As previously mentioned, at its core, the blockchain concept is simple: It is a distributed, immutable, cryptographically assured ledger that can have applications, often called “smart contracts,” interface with it.

A smart contract is made up of numerous lines of code, which are stored within the blockchain. These contracts automatically execute when predetermined terms and conditions are met. They are small programs that replicate processes or business logic and can be used to enforce an agreement between multiple parties in such a way that they can be certain of the outcome without any need for an intermediary.

For example, smart contracts may be used in the healthcare industry. Users’ data, such as blood pressure and other metrics, could be published to a chain, and once a metric rises above a specified threshold, the smart contract could execute actions such as notifying the user and/or processes such as further consultations with specialists to resolve their health problems. A flaw capable of compromising smart contracts could allow an attacker to modify critical details in the code. In the above example, what happens if an attacker is able to affect the business logic or introduce additional code to perform unintended actions?

But as with many powerful technologies, while blockchain is straightforward in concept, if improperly implemented, flaws and vulnerabilities can result in risk and security consequences. Think about what would happen if one could change the smart contract’s data before it is stored on the chain? Data on the chain is supposed to be trusted, right? What about a smart contract flaw that results in business logic not behaving as expected?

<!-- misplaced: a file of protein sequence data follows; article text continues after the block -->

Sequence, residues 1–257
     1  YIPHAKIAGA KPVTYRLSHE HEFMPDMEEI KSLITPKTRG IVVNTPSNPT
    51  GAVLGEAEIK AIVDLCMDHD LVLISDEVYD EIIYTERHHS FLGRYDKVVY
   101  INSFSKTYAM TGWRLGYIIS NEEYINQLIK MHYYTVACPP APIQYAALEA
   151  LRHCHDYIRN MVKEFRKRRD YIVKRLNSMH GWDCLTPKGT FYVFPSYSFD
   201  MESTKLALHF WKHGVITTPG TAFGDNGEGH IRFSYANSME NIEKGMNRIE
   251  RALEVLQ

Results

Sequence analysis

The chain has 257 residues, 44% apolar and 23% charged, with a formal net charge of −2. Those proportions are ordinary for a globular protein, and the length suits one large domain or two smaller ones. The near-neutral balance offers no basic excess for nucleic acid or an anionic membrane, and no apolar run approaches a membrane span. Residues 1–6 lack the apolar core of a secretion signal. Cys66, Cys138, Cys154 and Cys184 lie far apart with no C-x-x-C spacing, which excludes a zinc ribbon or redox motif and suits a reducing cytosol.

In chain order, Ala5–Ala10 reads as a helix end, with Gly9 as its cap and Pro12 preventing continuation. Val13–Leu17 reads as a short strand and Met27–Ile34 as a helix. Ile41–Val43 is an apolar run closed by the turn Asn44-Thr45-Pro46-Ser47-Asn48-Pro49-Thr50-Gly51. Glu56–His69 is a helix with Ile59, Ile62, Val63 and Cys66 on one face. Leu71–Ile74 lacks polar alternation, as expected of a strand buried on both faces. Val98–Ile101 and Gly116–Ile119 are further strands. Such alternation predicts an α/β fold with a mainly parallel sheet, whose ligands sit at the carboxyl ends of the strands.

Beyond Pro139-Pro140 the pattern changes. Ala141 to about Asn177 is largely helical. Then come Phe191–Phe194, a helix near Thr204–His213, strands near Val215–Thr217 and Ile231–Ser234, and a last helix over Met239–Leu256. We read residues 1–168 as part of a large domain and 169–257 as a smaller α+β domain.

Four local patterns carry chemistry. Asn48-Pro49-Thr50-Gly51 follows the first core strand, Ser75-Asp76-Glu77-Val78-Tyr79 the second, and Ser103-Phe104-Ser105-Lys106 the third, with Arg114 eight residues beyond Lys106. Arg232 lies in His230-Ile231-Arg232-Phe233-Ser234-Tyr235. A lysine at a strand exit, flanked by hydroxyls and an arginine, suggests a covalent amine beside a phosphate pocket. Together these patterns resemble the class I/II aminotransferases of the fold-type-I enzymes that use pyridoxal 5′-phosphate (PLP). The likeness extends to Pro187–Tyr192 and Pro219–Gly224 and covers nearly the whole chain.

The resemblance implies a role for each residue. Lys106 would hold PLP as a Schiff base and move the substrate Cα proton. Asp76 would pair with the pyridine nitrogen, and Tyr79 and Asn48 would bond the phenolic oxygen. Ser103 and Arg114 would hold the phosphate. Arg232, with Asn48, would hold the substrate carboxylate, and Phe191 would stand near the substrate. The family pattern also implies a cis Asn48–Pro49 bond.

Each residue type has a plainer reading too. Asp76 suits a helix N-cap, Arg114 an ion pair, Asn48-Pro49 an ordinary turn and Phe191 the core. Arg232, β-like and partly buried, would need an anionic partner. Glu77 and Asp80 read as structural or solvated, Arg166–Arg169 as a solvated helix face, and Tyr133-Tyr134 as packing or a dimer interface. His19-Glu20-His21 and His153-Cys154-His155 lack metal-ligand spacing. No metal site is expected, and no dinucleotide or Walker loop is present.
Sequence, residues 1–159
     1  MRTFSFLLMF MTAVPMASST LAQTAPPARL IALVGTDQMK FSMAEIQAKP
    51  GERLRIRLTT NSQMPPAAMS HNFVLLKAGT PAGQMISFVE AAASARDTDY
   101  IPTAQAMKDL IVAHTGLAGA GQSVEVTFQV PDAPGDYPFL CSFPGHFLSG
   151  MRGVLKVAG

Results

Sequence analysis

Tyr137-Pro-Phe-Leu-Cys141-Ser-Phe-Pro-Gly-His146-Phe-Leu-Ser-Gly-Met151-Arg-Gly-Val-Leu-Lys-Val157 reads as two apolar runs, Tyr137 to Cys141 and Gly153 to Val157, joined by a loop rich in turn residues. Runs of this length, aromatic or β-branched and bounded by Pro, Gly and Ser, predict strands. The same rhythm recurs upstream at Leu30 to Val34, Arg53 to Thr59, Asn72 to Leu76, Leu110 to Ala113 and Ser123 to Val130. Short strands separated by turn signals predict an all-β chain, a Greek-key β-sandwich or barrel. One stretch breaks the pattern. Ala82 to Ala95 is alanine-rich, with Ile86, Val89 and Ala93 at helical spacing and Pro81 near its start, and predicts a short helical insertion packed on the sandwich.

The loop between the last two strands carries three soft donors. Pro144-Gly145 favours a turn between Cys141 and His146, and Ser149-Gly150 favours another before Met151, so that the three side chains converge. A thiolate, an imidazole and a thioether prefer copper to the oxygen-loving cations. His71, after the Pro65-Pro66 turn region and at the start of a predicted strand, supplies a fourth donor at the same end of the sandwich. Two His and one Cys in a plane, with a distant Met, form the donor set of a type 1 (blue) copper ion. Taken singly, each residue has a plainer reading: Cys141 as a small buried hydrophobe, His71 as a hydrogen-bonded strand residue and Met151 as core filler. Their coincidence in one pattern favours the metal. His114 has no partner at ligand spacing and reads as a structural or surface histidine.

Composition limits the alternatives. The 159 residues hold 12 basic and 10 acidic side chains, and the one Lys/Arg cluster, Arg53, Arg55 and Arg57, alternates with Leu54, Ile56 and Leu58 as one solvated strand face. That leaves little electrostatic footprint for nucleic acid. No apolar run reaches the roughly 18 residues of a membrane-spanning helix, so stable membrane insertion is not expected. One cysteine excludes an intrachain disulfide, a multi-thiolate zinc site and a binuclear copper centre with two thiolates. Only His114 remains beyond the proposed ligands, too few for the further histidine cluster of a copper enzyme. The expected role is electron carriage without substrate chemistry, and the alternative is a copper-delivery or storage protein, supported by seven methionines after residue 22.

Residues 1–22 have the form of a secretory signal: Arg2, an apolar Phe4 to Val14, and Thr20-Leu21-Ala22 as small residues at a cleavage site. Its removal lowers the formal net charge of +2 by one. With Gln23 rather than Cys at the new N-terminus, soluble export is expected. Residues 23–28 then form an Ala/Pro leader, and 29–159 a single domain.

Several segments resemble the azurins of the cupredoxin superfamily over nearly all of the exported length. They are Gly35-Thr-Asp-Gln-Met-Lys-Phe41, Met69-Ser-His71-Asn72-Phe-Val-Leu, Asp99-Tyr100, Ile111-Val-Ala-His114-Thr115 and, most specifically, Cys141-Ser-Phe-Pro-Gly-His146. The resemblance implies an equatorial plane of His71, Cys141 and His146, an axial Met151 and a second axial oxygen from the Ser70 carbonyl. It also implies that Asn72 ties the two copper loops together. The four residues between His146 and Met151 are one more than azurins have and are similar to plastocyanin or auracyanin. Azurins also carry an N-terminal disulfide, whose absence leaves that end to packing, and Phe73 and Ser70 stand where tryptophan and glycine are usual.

In the past few years, X-Force Red has seen a plethora of risks introduced into blockchain ecosystems where it was possible to abuse access controls at the user and administrative levels. For example, some vulnerabilities may enable attackers to inject malicious code into the network, effectively compromising all nodes.

Putting the technology aside, your standard everyday applications (i.e., web/mobile applications) still need to interface with the chain on some level. It has been possible for our penetration testers to compromise these components and pivot to backend systems where there is little to no security, giving an attacker the ability to insert data on the chain or execute any function that is exposed. Functions may include higher-privileged administrative access or accessing data that a user should not have access to. If that happens, how does an environment protect itself against malicious actions?

Raising the Bar on Blockchain Security

Security is about raising the bar high enough that attackers would be extremely hard-pressed to exploit any vulnerability. If they were to attack, they would make enough noise on the network to be detected and incident response procedures would hopefully slam the door shut. So, monitoring from both an application and network level is key to protecting blockchain implementations. Should an internal host be scanning your internal network? I think not!